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Cheese Smells. Deal With It, a German Court Rules.

NYTimes Dining and Wine - December 18, 2019 - 12:48pm
A fight over the food stuff ended up in court after a neighbor posted signs outside a cheese shop to complain about the stench.
Categories: Food

The Most Delicious Holiday Dessert

NYTimes Dining and Wine - December 18, 2019 - 10:30am
Alison Roman’s amazing salted chocolate pudding with whipped sour cream is beautiful and rare.
Categories: Food

How to Cook a Pig

NYTimes Dining and Wine - December 18, 2019 - 5:00am
There is no other dish on the traditional holiday table that you can cook so beautifully this easily.
Categories: Food

Hummus, the Book

NYTimes Dining and Wine - December 18, 2019 - 1:19am
This coffee-table tome on hummus follows the dish throughout the Middle East.
Categories: Food

Hard Times for a Hot Commodity, the Prized New Mexico Chile

NYTimes Dining and Wine - December 18, 2019 - 1:14am
Years of drought, erratic weather and other stresses are taking their toll on the peppers that are central to the state’s economy and identity.
Categories: Food

Veronika at Fotografiska Comes Into Focus

NYTimes Dining and Wine - December 17, 2019 - 2:15pm
This restaurant, whose name is inspired by the patron saint of photography, is set to open at a new Swedish photography center and museum in the Flatiron district.
Categories: Food

8 Ways Restaurants Have Changed in the Past Decade

NYTimes Dining and Wine - December 17, 2019 - 1:18pm
Our chief restaurant critic tries to make sense of the past 10 years in American dining, with a little help from Twitter.
Categories: Food

The T List: What to Try, Read and Know About This Week

NYTimes Dining and Wine - December 17, 2019 - 12:00pm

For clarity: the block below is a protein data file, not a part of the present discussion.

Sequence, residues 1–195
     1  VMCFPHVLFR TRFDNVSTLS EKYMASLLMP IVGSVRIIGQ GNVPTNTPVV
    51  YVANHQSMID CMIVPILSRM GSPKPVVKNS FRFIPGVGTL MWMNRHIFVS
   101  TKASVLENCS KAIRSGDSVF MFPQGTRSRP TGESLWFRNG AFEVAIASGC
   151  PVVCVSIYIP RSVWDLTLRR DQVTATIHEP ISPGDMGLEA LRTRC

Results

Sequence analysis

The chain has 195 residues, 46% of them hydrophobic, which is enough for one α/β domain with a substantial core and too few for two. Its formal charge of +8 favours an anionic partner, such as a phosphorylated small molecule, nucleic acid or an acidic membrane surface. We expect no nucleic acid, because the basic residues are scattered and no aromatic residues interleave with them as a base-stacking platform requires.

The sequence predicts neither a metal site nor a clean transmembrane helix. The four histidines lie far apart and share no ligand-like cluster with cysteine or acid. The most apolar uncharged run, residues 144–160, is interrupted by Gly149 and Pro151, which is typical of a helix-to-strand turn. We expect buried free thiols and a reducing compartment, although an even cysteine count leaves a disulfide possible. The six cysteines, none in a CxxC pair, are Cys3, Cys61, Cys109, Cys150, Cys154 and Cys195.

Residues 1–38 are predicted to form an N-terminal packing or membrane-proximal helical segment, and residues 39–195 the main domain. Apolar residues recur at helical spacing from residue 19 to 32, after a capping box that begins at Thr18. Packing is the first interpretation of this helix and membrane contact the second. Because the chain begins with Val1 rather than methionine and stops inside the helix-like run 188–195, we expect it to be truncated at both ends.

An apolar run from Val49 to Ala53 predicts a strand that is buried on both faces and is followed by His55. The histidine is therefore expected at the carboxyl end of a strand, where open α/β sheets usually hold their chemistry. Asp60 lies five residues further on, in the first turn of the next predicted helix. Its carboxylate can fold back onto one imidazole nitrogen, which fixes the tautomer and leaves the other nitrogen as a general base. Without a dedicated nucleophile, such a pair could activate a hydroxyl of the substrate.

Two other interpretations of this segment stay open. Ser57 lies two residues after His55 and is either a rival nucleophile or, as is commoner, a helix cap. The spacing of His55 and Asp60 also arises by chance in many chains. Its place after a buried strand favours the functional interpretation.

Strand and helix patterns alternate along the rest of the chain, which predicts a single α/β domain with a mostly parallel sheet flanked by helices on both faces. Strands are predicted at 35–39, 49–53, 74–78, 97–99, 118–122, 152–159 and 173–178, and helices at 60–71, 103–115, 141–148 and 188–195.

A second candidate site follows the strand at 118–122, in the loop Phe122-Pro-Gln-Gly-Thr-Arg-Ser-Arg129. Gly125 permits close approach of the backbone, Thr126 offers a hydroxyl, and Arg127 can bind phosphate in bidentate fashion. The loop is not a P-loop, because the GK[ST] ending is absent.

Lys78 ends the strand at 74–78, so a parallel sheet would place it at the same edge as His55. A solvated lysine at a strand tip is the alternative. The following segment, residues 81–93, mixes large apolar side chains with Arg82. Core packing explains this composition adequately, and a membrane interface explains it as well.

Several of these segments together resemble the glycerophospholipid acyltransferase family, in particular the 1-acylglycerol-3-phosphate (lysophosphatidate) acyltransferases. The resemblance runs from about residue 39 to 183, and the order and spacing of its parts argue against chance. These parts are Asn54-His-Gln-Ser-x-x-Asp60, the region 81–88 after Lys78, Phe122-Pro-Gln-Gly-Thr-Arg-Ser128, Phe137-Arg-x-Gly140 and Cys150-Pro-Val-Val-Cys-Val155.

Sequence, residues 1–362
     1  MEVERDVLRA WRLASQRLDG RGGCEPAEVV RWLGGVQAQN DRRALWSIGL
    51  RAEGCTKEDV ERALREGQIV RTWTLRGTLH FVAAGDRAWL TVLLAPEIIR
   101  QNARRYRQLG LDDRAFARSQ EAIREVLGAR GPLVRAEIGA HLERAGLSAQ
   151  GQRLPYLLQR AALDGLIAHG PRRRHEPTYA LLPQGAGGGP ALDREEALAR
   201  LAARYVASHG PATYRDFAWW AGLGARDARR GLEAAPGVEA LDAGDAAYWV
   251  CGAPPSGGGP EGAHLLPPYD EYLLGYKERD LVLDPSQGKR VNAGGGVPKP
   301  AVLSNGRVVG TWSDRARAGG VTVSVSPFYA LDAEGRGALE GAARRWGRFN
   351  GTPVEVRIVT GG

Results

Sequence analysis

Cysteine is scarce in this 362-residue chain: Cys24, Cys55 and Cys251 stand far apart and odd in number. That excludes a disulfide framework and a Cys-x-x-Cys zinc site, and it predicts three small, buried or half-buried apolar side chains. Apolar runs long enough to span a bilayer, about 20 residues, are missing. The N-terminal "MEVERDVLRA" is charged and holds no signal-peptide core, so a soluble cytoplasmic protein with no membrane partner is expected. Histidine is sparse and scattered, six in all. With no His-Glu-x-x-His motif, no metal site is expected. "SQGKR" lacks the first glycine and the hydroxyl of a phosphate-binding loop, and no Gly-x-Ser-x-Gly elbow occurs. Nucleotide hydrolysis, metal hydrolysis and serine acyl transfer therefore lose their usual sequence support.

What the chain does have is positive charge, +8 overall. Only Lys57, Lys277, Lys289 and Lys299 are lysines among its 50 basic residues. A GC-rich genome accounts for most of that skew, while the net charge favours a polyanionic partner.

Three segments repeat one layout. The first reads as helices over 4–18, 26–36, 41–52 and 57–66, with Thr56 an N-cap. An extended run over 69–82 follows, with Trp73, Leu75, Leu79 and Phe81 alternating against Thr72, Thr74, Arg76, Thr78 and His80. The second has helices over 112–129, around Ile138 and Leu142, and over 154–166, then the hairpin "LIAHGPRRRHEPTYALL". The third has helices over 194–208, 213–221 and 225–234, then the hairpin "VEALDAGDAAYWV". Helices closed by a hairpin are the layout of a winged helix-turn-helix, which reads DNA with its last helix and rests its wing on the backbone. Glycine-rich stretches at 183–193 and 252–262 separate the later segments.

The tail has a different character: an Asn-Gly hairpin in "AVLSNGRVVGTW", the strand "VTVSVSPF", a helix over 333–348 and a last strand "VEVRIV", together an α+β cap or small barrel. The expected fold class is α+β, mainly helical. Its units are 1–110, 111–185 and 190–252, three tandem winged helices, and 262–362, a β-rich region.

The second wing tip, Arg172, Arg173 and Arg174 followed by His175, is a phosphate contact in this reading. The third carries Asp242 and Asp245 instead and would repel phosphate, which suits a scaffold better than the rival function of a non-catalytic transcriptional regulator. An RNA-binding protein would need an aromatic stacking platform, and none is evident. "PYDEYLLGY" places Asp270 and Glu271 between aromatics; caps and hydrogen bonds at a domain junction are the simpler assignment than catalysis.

Glittery eyes, a classic Nan Goldin book and more ideas from the editors of T Magazine.
Categories: Food

What Happens When a Fitness Chain Opens a Restaurant?

NYTimes Dining and Wine - December 17, 2019 - 11:44am
Electric Lemon, in the Equinox Hotel at Hudson Yards, answers the question with vibrant flavors and a “feel the burn” playlist.
Categories: Food

Desserts That Bring the Party, but Not the Fuss

NYTimes Dining and Wine - December 17, 2019 - 11:34am
After a giant ham, Alison Roman wants something sweet, celebratory and a little grand — but not too difficult to make, either.
Categories: Food

What a 5,700-Year-Old Wad of Chewed Gum Reveals About Ancient People and Their Bacteria

NYTimes Dining and Wine - December 17, 2019 - 11:29am
Scientists dig into the diet, health and history of Danish hunter-gatherers in a new study.
Categories: Food

On First and First, a Homey Bakery

NYTimes Dining and Wine - December 17, 2019 - 11:06am
Red Gate Bakery features rich desserts like brown-butter blondies and a stout-infused white chocolate cake.
Categories: Food

Death by a Thousand Cuts

Planet Cheese - December 17, 2019 - 11:00am

When a super-smart cheese merchant with a beautiful store in a big city has to close, I get nervous. What’s going on out there, people? Where are you buying your cheese? Apparently not enough people were buying from Pastoral, a Chicago retailer that shuttered last week after 15 years in business. Almost any list of top cheese shops in the U.S. would have included Pastoral. The owners won multiple retailing awards. If they couldn’t make it, you have to wonder how any independent cheese shop can compete against behemoths like Amazon, Costco, Trader Joe’s and Whole Foods.